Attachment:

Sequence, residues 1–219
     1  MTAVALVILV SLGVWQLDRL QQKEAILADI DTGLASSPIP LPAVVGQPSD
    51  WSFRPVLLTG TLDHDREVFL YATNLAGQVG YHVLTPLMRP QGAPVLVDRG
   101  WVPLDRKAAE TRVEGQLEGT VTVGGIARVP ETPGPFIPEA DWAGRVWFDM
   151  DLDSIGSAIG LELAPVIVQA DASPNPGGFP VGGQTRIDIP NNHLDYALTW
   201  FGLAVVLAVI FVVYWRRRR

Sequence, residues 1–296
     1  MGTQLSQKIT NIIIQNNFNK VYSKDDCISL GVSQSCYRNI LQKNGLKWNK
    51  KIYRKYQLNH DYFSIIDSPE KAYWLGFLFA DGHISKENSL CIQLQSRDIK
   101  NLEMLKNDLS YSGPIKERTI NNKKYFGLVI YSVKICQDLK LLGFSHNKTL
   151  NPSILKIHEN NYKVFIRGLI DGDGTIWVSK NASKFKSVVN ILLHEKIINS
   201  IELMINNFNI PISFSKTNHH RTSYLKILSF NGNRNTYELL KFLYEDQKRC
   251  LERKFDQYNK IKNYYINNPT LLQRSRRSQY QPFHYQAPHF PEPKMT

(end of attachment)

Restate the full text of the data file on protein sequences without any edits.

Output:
Sequence, residues 1–219
     1  MTAVALVILV SLGVWQLDRL QQKEAILADI DTGLASSPIP LPAVVGQPSD
    51  WSFRPVLLTG TLDHDREVFL YATNLAGQVG YHVLTPLMRP QGAPVLVDRG
   101  WVPLDRKAAE TRVEGQLEGT VTVGGIARVP ETPGPFIPEA DWAGRVWFDM
   151  DLDSIGSAIG LELAPVIVQA DASPNPGGFP VGGQTRIDIP NNHLDYALTW
   201  FGLAVVLAVI FVVYWRRRR

Sequence, residues 1–296
     1  MGTQLSQKIT NIIIQNNFNK VYSKDDCISL GVSQSCYRNI LQKNGLKWNK
    51  KIYRKYQLNH DYFSIIDSPE KAYWLGFLFA DGHISKENSL CIQLQSRDIK
   101  NLEMLKNDLS YSGPIKERTI NNKKYFGLVI YSVKICQDLK LLGFSHNKTL
   151  NPSILKIHEN NYKVFIRGLI DGDGTIWVSK NASKFKSVVN ILLHEKIINS
   201  IELMINNFNI PISFSKTNHH RTSYLKILSF NGNRNTYELL KFLYEDQKRC
   251  LERKFDQYNK IKNYYINNPT LLQRSRRSQY QPFHYQAPHF PEPKMT